Some Pixel owners have noticed over the last couple of monthly updates that their phones have lost Widevine L1 status, falling to L3 and rendering them incapable of playing back some DRM-protected content at high quality. More simply, that means they can't play HD content in apps and services like Netflix. By far the majority of devices are not affected and the cause isn't immediately clear. Google tells us it's aware of these reports and working on a fix, and devices from other manufactures may also be affected.
Not all Android devices can stream from Netflix at the same quality, the company is actually a little bit picky about it, certifying individual devices for different features. While the list sometimes lags a bit behind reality, Netflix now says that TCL's latest phones (the 10 Pro and 10L) are now HD-compatible, together with the Asus ROG II and ZenFone 6.
We're not sure if this is a bug or a sign of things to come, but if you've purchased a movie on Google Play Movies in HD that has a 4K version available now and you open your purchases in the YouTube app on Android TV, you might spot a 4K sign below it. However, when you start playing it, the highest resolution available is 1080p.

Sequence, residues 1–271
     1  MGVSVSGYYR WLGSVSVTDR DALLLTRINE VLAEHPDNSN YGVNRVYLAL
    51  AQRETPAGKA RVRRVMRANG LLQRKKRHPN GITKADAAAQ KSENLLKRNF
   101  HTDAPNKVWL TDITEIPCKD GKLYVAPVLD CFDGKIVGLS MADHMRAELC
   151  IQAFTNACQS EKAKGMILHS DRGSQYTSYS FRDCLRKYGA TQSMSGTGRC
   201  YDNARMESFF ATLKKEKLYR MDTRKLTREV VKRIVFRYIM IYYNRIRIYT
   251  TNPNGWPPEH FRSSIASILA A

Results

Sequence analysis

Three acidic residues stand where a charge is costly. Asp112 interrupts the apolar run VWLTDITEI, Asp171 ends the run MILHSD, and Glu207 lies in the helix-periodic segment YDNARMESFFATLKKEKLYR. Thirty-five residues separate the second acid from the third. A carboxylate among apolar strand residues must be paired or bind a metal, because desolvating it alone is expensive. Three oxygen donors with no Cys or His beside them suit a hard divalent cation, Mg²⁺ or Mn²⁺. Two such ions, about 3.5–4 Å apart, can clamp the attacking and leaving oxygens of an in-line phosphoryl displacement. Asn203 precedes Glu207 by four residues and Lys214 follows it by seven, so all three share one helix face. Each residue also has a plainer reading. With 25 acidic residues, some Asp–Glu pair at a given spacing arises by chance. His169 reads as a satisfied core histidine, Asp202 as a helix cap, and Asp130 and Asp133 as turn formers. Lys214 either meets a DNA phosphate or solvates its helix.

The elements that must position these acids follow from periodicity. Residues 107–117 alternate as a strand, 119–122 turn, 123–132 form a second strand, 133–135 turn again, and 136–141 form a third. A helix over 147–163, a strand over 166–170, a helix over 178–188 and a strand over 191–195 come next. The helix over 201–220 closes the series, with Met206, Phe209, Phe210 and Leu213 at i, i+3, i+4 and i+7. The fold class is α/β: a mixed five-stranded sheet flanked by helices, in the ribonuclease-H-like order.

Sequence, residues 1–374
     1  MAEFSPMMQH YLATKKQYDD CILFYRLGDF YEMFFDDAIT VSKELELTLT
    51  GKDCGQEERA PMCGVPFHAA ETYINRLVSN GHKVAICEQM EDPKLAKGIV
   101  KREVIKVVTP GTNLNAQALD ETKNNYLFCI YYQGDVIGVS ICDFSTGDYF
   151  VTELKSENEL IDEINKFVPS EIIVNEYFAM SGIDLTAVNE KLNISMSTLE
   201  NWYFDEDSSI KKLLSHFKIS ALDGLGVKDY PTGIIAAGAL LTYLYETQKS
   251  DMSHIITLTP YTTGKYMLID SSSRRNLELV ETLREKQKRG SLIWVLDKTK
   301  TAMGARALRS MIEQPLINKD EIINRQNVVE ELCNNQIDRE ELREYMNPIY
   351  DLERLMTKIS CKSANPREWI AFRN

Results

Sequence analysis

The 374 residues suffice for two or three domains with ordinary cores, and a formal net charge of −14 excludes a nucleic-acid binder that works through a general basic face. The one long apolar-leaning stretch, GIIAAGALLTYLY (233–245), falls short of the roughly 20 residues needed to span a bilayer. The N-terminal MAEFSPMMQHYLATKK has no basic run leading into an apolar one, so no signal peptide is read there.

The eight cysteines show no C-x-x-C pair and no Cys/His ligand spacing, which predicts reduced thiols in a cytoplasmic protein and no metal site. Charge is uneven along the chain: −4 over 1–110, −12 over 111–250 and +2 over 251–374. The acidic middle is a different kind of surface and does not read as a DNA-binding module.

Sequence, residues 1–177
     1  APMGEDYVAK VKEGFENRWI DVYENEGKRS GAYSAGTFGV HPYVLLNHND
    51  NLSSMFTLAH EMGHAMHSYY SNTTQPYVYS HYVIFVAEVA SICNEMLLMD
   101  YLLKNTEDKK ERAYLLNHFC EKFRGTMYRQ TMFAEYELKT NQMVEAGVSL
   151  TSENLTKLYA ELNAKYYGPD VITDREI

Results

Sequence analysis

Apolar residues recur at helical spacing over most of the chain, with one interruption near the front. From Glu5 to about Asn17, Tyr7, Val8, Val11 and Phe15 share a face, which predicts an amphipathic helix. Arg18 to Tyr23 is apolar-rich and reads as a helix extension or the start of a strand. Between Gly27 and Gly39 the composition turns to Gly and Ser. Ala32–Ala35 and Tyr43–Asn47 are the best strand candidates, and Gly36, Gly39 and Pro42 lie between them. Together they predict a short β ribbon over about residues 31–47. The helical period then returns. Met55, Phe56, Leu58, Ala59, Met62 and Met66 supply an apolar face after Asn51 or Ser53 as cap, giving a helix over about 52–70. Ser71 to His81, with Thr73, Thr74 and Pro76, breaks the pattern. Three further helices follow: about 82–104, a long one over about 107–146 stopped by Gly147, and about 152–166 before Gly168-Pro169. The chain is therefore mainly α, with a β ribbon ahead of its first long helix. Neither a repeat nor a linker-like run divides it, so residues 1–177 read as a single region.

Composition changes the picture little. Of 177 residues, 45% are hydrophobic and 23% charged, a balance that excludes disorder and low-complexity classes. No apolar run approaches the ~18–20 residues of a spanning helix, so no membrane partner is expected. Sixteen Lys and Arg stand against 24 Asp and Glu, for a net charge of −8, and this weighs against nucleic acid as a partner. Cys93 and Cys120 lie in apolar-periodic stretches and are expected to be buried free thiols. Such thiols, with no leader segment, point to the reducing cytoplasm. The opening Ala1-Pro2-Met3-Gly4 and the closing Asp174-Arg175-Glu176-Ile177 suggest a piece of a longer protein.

Our tipster spotted this 4K label in his library, and Cody was able to confirm it as well. So far it's unclear whether this is a bug or it's a sign of Google upgrading HD Play Movies purchases to 4K for free when applicable - something that Apple did when it launched 4K content on iTunes, but that Google didn't.
OnePlus' phones are a great value, but they've each individually had a few drawbacks. One negative they all had in common, though, was a DRM deficiency. None of the company's handsets supported the correct Widevine level required for HD playback in Netflix. Distress on the subject came to a head late last year, and OnePlus surprisingly announced that it would add the feature in the future. In a comment on OnePlus' forums today the company confirmed that it was now able to update handsets to support it, but the process will require that you physically send the phone back to OnePlus for the update.